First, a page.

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How advanced is Japan?

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gaijinalways

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But it also leads to a bit of a disposable consumerables society as well. Not the most environmentally friendly place.
 

bapestar7

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To put it simply....Japan is about 2-3 years ahead of the US in most technology....and after being here for only a few days already, it is quite evident.

Their High Speed internet is faster than the US

Cellphones run on faster networks and are all 3G (there are very few US 3G phones)

Cellphone technology is ridiculous....phones with 5 megapixel cameras, fingerprint scanners, HD TV

Cameras are better and cheaper...for example the New Sony Cybershot (13 mp) only about $450. To put that in perspective, US cameras are just getting to the 10 mp area, but are often very expensive and most are often more professional cameras (not your standard digi cam)

All taxis in Tokyo have advanced navigation.

The Robotics industry is so far ahead of anyone else (i.e. ASIMO).

Most arcade games are equipped with a HD screen.

Cellphones work on the subways (even while in the train underground).

The vending machines are crazy!!! And at most you can pay with your cellphone and some with you Pasmo/Suica (japanese subway pass).

THe list goes on.....but basically the Japanese crave the most advanced technology and it engraved in their culture. Take Akihabara for example....a whole district in Tokyo dedicated to technology. There is a 14 floor electronics super store there as well!!!!
 

dblbstrd

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It's all subjective... the cell phone market has fancier gadgets, of course.
They have vending machines that talk to you (in several different languages, and even in local dialect as an alternative to standard Japanese!), and with LCD screens that play animations while you're waiting for it to get your drink. And of course the toilets with seat warmers and washlets and whatever other gizmos they've come up with to make your bathroom experience more comfortable.
But I wouldn't say that for other countries the technology isn't THERE, it's more that they're just not using it for that stuff.

I don't think there's really much of a gap in consumer electronics tech anymore, but Japan does a pretty good job anyway of showing off the flashy tech stuff.

By the way I'm not sure I'd say that Japan is that much more advanced than the US in robotics anymore.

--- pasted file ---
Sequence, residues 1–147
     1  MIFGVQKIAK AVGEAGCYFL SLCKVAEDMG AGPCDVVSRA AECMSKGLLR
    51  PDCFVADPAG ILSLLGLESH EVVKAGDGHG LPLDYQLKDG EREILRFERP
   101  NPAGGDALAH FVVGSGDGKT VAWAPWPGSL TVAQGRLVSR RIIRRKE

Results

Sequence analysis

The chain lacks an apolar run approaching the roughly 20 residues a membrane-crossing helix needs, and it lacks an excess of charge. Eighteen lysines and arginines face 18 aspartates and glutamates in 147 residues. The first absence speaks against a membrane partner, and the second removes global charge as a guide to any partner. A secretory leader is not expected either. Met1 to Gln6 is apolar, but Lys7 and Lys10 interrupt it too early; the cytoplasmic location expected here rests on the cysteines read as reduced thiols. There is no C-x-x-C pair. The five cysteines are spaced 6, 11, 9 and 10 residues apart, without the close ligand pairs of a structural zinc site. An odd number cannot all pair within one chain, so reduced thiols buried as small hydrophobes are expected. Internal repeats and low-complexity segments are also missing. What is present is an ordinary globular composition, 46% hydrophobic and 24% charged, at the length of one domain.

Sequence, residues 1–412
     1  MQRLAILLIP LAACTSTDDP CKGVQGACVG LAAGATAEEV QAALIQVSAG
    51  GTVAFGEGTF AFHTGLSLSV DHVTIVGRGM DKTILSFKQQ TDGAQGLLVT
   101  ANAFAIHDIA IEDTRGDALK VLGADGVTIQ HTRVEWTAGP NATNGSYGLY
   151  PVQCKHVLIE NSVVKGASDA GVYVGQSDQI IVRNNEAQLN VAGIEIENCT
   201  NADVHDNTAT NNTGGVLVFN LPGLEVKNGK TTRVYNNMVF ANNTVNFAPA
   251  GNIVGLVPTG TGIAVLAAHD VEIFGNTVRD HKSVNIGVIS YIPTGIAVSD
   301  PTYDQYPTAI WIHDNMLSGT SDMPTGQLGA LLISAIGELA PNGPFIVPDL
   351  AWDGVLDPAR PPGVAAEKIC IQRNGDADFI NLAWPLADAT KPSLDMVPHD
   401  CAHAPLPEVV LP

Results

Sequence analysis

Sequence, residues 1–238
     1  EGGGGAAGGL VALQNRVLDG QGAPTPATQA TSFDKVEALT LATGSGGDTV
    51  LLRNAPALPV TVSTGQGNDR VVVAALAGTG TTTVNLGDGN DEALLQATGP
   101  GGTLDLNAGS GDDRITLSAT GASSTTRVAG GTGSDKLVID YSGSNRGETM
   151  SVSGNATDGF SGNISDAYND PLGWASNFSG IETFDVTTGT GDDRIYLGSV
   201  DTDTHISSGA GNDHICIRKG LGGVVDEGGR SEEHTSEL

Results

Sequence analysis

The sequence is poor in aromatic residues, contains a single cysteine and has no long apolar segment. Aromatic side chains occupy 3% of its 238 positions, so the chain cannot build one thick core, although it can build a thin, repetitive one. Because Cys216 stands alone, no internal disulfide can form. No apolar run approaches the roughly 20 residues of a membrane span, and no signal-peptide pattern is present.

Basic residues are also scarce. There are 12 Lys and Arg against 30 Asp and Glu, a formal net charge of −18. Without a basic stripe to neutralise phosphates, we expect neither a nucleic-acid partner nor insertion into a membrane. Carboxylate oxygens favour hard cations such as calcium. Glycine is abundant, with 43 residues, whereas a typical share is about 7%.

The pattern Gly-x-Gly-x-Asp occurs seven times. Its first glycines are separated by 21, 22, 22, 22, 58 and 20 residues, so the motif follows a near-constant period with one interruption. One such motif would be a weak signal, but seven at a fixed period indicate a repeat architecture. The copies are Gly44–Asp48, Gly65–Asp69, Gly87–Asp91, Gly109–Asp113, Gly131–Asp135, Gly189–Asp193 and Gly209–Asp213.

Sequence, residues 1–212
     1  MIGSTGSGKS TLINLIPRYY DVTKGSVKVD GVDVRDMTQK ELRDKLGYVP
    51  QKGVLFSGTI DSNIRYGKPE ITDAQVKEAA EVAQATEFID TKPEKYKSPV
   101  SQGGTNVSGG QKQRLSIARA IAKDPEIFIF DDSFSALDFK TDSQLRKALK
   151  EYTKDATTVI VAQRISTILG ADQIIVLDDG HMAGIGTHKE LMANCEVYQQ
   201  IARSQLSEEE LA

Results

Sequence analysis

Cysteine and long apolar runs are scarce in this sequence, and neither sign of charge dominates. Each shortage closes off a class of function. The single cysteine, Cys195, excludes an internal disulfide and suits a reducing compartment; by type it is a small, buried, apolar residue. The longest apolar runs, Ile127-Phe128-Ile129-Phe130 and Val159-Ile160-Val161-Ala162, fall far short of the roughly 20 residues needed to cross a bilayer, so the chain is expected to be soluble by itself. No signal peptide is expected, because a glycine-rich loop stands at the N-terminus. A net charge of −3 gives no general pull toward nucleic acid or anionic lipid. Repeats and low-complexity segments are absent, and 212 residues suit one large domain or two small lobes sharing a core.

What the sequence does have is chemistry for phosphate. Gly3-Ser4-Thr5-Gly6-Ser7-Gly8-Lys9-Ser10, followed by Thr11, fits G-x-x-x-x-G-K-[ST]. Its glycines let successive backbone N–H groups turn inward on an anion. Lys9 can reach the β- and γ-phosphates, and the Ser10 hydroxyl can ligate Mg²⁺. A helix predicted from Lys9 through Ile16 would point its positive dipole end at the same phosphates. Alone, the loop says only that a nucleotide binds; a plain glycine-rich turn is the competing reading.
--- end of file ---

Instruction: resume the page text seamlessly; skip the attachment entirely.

I will say that Japan probably has the better foundation of robotics overall as a field, and a much higher concentration of schools and labs devoted to it, but as an example, the US has the DARPA Urban Challenge (Stanford, Carnegie Mellon, etc.) working on systems to autonomously pilot a car through traffic, which is some pretty impressive work.
 
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It's all subjective...

But I wouldn't say that for other countries the technology isn't THERE, it's more that they're just not using it for that stuff.


I have to agree with you 🙂

I think many are US patents ( some inventions contributed by immigrants from aroud the world - brain drain ).
 

Susa8

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Today it is a city noted for its preservation of traditional culture. Long Considered one of Japan's most prestigious universities, kyoto offers a wide range of courses for EAP students who have native or near-native Japanese language ability.
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Susa8
Foreclosed Homes
 

grapefruit

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I like the vending machine that talks in a variety of different languages and Japanese dialects. It is so funny.🙂
 
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I can't believe that in a thread like this no one has mentioned toilets yet!
Post number 28, get those glasses checked next time your out...
It's all subjective... the cell phone market has fancier gadgets, of course.
They have vending machines that talk to you (in several different languages, and even in local dialect as an alternative to standard Japanese!), and with LCD screens that play animations while you're waiting for it to get your drink. And of course the toilets with seat warmers and washlets and whatever other gizmos they've come up with to make your bathroom experience more comfortable.
But I wouldn't say that for other countries the technology isn't THERE, it's more that they're just not using it for that stuff.

I don't think there's really much of a gap in consumer electronics tech anymore, but Japan does a pretty good job anyway of showing off the flashy tech stuff.

By the way I'm not sure I'd say that Japan is that much more advanced than the US in robotics anymore.